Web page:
What are the major sociological differences between America and Canada?
The U.S. is a far more violent country than Canada, with about five times the rate of violent crime than in Canada (see the link below). This is in part a result of looser gun ownership laws in the United States. In addition, the greater crime rate in the United States has been blamed on the American culture of individualism, which places great importance on the rights and liberties of the individual. Some argue that Canada is more communitarian, though a recent University of British Columbia study (see the link below) found that Americans and Canadians in reality are more similar than many people think.
The other differences in Canada stem from its longer association with Great Britain and its continued association with the British monarchy, while the U.S. long ago severed its political ties to Great Britain. Americans, while perhaps interested in the royal family as celebrities, are not subjects of the crown.
Canadians have often had to define themselves in opposition to the behemoth to the south, while Americans do not often define themselves with regard to Canadians. It can be argued that Americans see themselves as distinctive in the world, the beneficiaries of what has been called "American exceptionalism." Whether or not these views are valid, they have led the U.S. to be more bilateral or unilateral in approaching world affairs, while Canada is more multilateral.
1) In America, the role of government is seen as enabling/not getting in the way of:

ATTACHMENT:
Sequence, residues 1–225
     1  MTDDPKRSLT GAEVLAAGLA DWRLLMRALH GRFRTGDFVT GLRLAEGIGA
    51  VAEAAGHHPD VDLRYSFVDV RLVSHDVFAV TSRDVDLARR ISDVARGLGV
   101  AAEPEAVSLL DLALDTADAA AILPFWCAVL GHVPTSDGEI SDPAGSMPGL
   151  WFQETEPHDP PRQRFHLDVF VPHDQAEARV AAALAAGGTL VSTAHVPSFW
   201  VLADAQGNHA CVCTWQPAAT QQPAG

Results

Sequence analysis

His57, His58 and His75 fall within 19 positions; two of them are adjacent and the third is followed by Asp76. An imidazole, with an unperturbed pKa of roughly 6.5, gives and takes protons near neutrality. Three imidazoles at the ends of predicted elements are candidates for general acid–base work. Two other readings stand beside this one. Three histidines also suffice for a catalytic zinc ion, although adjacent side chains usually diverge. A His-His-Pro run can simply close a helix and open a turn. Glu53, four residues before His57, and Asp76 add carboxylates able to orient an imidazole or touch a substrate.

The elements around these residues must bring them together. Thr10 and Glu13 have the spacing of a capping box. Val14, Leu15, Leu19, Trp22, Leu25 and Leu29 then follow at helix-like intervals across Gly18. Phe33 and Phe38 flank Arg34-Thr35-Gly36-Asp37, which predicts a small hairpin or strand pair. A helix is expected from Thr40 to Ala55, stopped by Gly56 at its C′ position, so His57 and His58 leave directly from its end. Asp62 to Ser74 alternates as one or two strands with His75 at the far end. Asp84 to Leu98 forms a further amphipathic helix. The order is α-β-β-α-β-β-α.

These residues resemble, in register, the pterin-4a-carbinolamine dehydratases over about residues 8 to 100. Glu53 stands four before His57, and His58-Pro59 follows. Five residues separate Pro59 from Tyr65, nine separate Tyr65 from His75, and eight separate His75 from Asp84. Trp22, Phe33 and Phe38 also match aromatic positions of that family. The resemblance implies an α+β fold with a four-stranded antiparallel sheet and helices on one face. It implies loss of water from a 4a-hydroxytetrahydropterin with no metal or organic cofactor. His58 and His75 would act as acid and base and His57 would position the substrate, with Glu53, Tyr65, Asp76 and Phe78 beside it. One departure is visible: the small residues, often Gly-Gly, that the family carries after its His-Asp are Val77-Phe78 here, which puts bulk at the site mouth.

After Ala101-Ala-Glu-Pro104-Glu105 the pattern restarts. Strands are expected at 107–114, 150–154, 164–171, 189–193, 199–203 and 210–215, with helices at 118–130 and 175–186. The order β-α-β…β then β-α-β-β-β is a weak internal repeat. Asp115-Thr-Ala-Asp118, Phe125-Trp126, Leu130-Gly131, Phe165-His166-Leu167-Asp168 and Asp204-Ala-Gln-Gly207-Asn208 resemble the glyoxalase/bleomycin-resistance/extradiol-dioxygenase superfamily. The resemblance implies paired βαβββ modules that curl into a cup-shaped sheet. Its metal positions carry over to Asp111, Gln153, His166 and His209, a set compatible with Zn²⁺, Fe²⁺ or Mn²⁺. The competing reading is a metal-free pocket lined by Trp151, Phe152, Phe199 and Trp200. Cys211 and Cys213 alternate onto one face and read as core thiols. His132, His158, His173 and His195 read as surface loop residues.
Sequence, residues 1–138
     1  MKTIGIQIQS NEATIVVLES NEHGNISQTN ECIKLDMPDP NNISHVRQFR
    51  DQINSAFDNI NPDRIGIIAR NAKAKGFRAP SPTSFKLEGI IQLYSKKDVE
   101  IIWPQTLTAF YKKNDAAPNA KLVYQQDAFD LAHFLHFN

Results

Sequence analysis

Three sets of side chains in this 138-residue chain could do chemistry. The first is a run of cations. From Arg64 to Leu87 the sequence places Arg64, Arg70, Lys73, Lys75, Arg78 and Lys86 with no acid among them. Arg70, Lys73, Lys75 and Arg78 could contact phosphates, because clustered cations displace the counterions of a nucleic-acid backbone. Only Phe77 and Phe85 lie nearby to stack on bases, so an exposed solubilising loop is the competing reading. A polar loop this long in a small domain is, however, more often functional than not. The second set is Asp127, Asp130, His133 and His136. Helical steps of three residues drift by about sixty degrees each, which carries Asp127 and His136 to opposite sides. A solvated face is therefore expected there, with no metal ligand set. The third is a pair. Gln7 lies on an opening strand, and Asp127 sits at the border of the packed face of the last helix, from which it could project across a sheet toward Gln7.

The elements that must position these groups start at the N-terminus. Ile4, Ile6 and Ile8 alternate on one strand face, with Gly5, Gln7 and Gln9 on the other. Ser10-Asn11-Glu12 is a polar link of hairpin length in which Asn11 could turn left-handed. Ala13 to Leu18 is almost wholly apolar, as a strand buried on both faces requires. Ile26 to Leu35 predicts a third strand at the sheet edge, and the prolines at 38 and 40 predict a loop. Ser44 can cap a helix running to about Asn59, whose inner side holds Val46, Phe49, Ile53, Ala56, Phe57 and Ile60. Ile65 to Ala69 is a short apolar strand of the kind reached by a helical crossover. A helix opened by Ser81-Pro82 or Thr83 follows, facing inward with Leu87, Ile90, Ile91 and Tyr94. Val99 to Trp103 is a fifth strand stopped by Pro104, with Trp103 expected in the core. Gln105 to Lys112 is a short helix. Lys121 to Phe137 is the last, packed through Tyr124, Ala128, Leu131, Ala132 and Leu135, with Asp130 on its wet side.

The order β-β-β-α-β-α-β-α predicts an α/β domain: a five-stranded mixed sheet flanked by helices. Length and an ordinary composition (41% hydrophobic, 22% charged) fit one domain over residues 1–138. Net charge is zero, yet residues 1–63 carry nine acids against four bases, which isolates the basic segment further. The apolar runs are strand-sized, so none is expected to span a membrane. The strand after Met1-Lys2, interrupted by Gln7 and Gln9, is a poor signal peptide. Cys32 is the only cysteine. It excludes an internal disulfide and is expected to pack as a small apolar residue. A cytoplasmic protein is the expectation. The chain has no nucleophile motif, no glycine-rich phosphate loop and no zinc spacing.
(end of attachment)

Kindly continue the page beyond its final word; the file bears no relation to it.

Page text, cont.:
"Life, Liberty and the Pursuit of Happiness"
In Canada, the role is often described as:
"Peace, Order and Good Government"
This doesn't always happen, in either nation, but that is the mentality. The difference says a lot about how differently citizens view the government and what they expect it to do.
2) In Canada, liberal isn't a bad word. One of the main parties is called Liberal and you can't attack someone by saying they are 'too liberal'. To a Canadian, too liberal means too much in the center and not going out on a limb in either a conservative or progressive direction.
3) In Canada, our politicians don't talk about their religious beliefs...ever. It is seen as bad form and completely irrelevant. We've had quite a few Prime Ministers over the last 30 years who were Catholic, even devoutly Catholic all during the time we legalized abortion and gay marriage.
And even more information: Canada is a soft power nation - influence on the world is a product of respect for politics and principles. Canada can't really MAKE anyone do anything, but nations often consider Canada's opinion, because we seem to do a pretty good job setting a decent example for how to run a country, and we've done some nice things in the past (including peacekeeping, and playing a key role in the establishment of the United Nations).
America is a hard power nation, in fact, THE hard power nation. While there are many advantages the USA has, the first is that the government has been long willing to put military and intelligence forces into maintaining economic power and political interests. In short, people do what the US wants because you need to have them on your side. If countries do not do what the US wants, regimes are toppled, wars are started, allies are turned against you.
This mindset informs how the populace thinks. Combative vs Persuasive. Multiculturalism vs Assimilation. Canada is somewhat inherently focused on the collective, both as a nation, and as part of the world. We see ourselves as part of a vast cooperative. America sees itself, from the outside, at least, as a singular nation that is responsible for controlling and shaping the world. Scaled down, the prototypical US citizen is driven by self-interest, and what benefits them / their family the most.
(This is also why most Canadians see universal healthcare as an obvious thing that any civilized nation would have, while many Americans seem to see it as a mechanism for have-nots to leech off society.)